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PCNA monoubiquitylation and DNA polymerase eta ubiquitin-binding domain are required to prevent 8-oxoguanine-induced mutagenesis in Saccharomyces cerevisiae.

Nucleic acids research | May 7, 2009

7,8-Dihydro-8-oxoguanine (8-oxoG) is an abundant and mutagenic DNA lesion. In Saccharomyces cerevisiae, the 8-oxoG DNA N-glycosylase (Ogg1) acts as the primary defense against 8-oxoG. Here, we present evidence for cooperation between Rad18-Rad6-dependent monoubiquitylation of PCNA at K164, the damage-tolerant DNA polymerase eta and the mismatch repair system (MMR) to prevent 8-oxoG-induced mutagenesis. Preventing PCNA modification at lysine 164 (pol30-K164R) results in a dramatic increase in GC to TA mutations due to endogenous 8-oxoG in Ogg1-deficient cells. In contrast, deletion of RAD5 or SIZ1 has little effect implying that the modification of PCNA relevant for preventing 8-oxoG-induced mutagenesis is monoubiquitin as opposed to polyubiquitin or SUMO. We also report that the ubiquitin-binding domain (UBZ) of Pol eta is essential to prevent 8-oxoG-induced mutagenesis but only in conjunction with a functional PCNA-binding domain (PIP). We propose that PCNA is ubiquitylated during the repair synthesis reaction after the MMR-dependent excision of adenine incorporated opposite to 8-oxoG. Monoubiquitylation of PCNA would favor the recruitment of Pol eta thereby allowing error-free incorporation of dCMP opposite to 8-oxoG. This study suggests that Pol eta and the post-replication repair (PRR) machinery can also prevent mutagenesis at DNA lesions that do not stall replication forks.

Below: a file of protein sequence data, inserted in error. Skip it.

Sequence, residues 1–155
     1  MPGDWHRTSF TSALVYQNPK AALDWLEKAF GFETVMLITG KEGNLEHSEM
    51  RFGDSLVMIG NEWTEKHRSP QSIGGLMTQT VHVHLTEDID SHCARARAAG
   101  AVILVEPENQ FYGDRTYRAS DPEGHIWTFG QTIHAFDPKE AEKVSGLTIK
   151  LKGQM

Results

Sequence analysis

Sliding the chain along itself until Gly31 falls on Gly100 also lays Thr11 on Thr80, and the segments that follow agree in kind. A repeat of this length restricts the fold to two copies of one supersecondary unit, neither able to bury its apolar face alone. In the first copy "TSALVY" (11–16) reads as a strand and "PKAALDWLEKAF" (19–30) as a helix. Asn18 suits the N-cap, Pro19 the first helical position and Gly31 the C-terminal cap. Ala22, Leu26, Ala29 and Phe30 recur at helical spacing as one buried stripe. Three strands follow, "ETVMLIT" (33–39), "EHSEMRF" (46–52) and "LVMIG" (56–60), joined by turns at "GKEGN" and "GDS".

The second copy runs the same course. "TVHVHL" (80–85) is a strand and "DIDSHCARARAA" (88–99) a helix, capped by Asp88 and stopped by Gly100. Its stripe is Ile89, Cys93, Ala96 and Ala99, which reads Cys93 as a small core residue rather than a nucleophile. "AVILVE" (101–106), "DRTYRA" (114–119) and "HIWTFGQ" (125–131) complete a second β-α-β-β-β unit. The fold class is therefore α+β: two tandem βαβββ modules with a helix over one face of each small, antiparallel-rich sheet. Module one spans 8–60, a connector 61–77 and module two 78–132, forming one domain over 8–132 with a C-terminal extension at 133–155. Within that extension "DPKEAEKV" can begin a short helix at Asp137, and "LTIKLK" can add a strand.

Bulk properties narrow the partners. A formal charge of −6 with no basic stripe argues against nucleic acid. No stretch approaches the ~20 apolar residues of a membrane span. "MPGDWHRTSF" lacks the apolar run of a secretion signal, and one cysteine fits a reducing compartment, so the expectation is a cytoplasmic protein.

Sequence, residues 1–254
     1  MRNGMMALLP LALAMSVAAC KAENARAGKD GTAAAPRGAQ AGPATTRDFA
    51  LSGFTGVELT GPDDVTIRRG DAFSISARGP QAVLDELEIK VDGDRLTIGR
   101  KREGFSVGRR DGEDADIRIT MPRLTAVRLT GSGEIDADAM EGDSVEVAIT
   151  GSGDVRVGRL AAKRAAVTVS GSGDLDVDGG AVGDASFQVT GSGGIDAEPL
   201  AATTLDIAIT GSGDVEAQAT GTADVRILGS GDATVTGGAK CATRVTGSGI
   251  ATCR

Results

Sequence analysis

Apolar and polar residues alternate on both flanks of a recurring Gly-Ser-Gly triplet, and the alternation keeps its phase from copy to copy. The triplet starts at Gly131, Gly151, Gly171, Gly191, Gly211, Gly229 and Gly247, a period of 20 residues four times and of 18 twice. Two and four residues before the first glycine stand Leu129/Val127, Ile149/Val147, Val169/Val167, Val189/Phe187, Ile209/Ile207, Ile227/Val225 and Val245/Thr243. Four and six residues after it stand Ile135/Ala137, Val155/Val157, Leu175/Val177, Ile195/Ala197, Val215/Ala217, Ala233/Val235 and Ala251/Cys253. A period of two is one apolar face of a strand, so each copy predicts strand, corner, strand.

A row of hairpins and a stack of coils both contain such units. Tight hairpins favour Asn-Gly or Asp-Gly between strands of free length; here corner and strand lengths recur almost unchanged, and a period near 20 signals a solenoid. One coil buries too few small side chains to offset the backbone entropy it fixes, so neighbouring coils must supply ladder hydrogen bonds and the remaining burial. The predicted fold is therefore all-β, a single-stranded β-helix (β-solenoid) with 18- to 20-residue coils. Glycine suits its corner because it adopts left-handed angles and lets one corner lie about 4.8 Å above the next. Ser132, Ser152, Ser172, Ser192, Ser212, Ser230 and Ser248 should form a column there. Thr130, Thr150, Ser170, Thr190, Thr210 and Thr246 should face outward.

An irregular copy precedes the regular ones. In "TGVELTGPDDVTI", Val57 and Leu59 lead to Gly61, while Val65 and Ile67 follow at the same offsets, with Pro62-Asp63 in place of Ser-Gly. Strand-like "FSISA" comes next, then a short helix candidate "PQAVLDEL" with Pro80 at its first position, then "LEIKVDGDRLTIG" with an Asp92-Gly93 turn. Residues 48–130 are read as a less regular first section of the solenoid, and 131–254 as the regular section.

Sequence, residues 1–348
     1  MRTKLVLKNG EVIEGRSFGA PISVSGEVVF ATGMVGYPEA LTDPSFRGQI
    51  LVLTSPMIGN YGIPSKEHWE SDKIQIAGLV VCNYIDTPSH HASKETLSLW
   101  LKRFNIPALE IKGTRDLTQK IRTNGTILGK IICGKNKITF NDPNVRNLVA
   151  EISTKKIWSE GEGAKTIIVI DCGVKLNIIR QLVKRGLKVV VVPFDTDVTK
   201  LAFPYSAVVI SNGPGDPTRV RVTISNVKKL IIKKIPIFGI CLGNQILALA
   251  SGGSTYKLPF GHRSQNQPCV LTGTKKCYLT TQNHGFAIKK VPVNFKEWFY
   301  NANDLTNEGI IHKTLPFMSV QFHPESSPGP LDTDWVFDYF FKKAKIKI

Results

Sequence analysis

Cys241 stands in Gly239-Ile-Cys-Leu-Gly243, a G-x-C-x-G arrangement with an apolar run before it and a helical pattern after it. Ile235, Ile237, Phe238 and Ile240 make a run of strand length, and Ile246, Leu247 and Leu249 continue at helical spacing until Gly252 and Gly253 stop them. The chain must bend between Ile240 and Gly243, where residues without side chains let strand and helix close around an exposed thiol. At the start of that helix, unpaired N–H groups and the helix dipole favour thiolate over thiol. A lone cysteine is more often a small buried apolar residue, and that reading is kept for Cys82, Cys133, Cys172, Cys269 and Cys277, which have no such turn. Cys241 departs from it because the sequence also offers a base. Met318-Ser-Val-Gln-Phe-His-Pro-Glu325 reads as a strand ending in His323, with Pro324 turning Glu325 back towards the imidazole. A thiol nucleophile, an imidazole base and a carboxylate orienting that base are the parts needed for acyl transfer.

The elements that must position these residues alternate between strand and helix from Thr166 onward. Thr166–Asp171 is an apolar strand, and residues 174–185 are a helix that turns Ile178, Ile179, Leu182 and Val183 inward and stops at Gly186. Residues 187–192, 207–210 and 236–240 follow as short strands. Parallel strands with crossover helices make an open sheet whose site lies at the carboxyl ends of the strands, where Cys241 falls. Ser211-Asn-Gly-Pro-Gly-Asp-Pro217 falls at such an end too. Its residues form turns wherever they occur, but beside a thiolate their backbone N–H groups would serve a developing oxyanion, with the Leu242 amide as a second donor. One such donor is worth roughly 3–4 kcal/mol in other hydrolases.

Pubmed ID: 19264809 RIS Download

Mesh terms: Binding Sites | Canavanine | DNA Glycosylases | DNA Repair | DNA-Directed DNA Polymerase | Gene Deletion | Guanine | Mutagenesis | Mutation | Proliferating Cell Nuclear Antigen | Protein Structure, Tertiary | Saccharomyces cerevisiae | Saccharomyces cerevisiae Proteins | Ubiquitin | Ubiquitination

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